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Here are a few tips for getting the most from your classroom accessories. You will quickly learn the importance (and associated stress) of having an adequate supply of whiteboard markers. You can ensure that yours are always nearby by attaching a strip of velcro to the side of your whiteboard, and a little to each pen for safe storage. (An added tip: if you keep your pens facing downwards, the ink will last longer.) You can also glue a little craft pom-pom to the end of them to create handy erasers and, let's be honest, a way to identify them in case any sticky-fingered colleagues come creeping.
Everything to hand
If your room isn't overly blessed with storage (or you'd just rather have everything nearby than in a drawer) invest in a cheap hanging shoe rack that you can repurpose as a handy storage unit.
An old-fashioned kitchen timer can also be put to use in helping students manage their time in class. There are plenty of online timers available for this too, but a low-cost ticking version will do the job just as well.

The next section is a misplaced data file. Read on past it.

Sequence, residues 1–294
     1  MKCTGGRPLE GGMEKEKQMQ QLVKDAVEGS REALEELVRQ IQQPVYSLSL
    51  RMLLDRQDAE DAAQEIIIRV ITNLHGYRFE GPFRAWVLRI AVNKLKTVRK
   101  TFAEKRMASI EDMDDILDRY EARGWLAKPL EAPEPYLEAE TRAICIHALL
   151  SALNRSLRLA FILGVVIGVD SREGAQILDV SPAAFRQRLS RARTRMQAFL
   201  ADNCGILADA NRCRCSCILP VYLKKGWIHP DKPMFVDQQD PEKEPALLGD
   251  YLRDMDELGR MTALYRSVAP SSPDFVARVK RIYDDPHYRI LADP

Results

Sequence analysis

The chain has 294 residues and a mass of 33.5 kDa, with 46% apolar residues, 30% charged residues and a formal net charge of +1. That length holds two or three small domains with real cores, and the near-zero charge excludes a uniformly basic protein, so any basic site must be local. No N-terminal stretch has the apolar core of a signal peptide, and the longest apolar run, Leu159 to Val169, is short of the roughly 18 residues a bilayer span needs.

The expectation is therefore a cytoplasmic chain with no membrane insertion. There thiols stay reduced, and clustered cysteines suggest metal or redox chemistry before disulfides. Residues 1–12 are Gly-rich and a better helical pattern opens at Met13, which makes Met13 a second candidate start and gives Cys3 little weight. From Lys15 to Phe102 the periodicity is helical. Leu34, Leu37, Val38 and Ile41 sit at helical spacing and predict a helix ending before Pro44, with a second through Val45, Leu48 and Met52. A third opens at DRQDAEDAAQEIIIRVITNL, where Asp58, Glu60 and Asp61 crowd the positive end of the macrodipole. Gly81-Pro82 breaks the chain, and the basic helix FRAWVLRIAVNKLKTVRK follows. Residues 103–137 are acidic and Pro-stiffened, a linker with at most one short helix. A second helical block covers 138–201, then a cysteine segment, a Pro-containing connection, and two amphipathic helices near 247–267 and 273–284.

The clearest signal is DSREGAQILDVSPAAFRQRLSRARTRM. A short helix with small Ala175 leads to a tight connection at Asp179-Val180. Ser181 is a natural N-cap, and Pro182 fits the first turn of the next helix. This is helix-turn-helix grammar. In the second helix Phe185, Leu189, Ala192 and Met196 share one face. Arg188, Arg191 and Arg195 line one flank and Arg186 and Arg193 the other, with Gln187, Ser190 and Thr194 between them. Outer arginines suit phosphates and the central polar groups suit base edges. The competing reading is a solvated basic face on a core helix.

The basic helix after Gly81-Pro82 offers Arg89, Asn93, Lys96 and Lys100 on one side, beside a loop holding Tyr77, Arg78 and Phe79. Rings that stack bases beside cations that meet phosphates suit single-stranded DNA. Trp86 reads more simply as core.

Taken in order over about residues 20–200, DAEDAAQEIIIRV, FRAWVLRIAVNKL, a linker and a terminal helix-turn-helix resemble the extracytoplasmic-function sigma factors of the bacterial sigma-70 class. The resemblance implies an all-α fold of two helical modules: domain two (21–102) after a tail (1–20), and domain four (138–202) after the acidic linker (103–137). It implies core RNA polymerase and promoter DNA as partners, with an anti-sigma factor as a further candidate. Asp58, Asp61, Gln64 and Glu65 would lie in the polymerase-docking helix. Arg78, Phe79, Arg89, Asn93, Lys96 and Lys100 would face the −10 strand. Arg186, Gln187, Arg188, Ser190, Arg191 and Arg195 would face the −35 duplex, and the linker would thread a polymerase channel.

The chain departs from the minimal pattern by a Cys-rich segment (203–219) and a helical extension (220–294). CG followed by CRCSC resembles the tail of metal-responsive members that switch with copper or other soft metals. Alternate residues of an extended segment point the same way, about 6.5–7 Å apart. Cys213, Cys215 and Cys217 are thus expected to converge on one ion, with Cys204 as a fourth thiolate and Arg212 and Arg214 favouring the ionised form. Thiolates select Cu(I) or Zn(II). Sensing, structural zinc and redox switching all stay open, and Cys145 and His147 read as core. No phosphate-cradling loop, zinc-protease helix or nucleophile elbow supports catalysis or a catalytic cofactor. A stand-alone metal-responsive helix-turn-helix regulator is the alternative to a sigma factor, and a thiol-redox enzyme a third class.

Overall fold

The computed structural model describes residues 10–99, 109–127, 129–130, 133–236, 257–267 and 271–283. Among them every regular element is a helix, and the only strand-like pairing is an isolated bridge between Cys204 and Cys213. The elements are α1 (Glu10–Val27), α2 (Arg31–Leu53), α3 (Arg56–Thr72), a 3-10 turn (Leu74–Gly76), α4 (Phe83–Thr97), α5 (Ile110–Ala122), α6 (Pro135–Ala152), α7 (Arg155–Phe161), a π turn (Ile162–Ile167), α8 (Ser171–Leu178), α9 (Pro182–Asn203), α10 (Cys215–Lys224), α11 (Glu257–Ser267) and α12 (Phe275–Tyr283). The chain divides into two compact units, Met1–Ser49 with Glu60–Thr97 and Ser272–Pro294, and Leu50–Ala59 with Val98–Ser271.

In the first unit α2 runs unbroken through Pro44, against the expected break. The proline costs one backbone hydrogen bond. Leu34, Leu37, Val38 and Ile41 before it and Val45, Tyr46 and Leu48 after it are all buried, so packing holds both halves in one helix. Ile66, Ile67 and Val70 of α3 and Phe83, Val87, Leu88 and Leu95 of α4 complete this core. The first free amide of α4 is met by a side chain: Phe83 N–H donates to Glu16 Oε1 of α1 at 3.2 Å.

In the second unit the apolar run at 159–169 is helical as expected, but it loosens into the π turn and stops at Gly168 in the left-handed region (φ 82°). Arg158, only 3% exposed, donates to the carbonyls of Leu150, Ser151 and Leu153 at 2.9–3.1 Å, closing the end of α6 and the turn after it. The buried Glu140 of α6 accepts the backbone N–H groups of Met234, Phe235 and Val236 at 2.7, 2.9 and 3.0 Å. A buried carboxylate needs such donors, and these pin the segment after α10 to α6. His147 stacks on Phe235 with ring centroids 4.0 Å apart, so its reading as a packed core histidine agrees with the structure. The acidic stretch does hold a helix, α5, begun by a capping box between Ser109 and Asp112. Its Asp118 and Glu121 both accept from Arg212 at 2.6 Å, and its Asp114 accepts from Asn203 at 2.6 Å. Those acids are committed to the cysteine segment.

There are plenty of other kitchen items that can be given a new lease of life in your classroom – lining a baking tray with colourful paper makes a great place for pupils to submit their homework.
An alternative for storing pens, pencils and rulers is to use old jam jars, which you can decorate and label if you're feeling crafty. This means you can keep everything separate and tidy, and save yourself valuable time scrabbling around in a pencil case.
Hitting the mark
AliqIf you want to save time on marking – of course you do, everyone does – get some rubber stamps with positive and negative phrases. They will let students know that you have seen their work, without having to write the same thing 30 times.
Individual whiteboards can be incredibly useful learning tools, but if your department doesn't have enough for each student, you can easily make your own. Old DVD cases with white paper underneath the cover work well, as do plastic plates.
Classroom displays can be a great way of boosting engagement, and if you want your students to understand how relevant your subject is, try creating a space dedicated to "Our subject in the news". You can cut out clippings from newspapers, and print stories from online – you could ask students to contribute too. And if you want some cool artwork for your walls but don't want to spend a fortune on posters, there are programmes online such as The Rasterbator which allow you to print huge posters (made up of A4 sheets) of any image of your choice.
This article is taken from the EdCentral Alternative Student Teacher Manual, which is available to download now for free.